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'Baseball' filmmaker Burns backs Pete Rose

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BEVERLY HILLS, Calif. (AP) -- Ken Burns makes sweeping documentaries on subjects including baseball. But he was concise in assessing whether Pete Rose should be in the sport's Hall of Fame.

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Rose, who agreed to a lifetime ban from baseball in 1989 that stemmed from gambling, should be honored after he dies, Burns told the Television Critics Association on Wednesday.

"He deserves to be in the Hall of Fame. But he doesn't deserve to know he's in the Hall of Fame," Burns said. "But that's just one person's opinion."

Burns, whose films include "The Civil War" and "The National Parks," appeared at the association's summer meeting to promote PBS' "The Tenth Inning," a follow-up to his 1994 series "Baseball" that also aired on public TV.

The filmmaker said his reluctance to revisit a documentary subject wavered when his beloved Boston Red Sox won the 2004 World Series after a long drought.

But the decision was cemented by the "giant shadow of steroids," as well as issues including the sport's growing ethnic diversity and the effect of big money, he said.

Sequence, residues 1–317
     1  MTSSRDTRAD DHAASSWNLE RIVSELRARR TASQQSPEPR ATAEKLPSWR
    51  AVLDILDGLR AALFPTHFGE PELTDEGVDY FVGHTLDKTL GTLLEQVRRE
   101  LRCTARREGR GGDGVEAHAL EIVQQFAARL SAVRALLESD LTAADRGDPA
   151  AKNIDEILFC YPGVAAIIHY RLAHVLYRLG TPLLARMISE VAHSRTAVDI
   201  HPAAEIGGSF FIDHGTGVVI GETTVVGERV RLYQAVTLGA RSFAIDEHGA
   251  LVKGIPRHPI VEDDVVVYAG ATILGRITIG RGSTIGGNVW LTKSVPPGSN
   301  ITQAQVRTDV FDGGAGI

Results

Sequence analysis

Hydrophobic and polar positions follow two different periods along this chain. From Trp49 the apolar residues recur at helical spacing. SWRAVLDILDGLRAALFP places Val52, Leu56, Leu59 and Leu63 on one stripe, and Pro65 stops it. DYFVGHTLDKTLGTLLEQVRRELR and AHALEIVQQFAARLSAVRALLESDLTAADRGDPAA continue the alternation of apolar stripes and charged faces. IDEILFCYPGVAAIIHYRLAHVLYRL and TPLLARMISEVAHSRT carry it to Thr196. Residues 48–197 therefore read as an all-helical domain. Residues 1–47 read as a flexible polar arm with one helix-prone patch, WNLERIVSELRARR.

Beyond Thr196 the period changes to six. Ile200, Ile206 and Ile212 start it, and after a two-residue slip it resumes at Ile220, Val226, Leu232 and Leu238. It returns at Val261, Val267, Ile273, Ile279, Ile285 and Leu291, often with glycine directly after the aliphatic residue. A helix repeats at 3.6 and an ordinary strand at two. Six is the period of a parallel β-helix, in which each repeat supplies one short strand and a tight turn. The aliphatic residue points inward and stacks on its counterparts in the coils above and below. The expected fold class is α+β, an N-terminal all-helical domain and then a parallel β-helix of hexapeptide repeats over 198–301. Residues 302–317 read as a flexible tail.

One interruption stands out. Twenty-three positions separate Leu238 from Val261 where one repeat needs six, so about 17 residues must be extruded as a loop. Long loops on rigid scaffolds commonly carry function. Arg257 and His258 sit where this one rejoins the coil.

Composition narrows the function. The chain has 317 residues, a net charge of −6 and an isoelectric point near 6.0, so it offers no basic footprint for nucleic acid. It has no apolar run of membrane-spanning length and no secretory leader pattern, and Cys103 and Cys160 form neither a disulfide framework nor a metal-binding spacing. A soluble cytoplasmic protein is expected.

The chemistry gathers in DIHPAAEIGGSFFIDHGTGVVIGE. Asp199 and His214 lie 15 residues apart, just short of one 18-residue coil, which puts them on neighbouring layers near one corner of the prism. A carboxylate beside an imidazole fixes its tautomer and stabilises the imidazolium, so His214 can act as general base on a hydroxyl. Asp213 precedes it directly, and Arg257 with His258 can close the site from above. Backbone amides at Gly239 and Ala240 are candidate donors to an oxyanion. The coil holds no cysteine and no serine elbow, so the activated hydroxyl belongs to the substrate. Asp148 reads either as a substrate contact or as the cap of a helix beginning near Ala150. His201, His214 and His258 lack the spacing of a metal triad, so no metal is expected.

As Burns put it, "2004 made me think about it, steroids made us do it."

"The Tenth Inning" proved to be a challenging narrative to construct because of the drug issue, Burns said.

In examining a glorious season, he said, the film had to recapture the joy but be mindful it was "setting traps" for the subsequent exploration of performance-enhancing drugs and their effect on the sport, players and fans.

The four-hour, two-part "The Tenth Inning" tracks America's national pastime from the early 1990s to the present. It touches on the devastating 1994 strike, the growing importance of Latino and Asian players, baseball's ballooning profits, the exploits of Mark McGwire, Barry Bonds and others, and revelations about drug use.

Major League Baseball commissioner Bud Selig, managers Felipe Alou and Joe Torre and players Pedro Martinez, Omar Vizquel and Ichiro Suzuki are among those interviewed in the film.

"The Tenth Inning," directed by Burns and Lynn Novick, will air on Sept. 28 and 29 on public TV stations.

A companion book -- an updated, expanded edition of "Baseball" by Ken Burns and Geoffrey C. Ward -- will be published in September, PBS said. The new documentary will be released on DVD and Blu-ray in October.

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Pioneer staff reports
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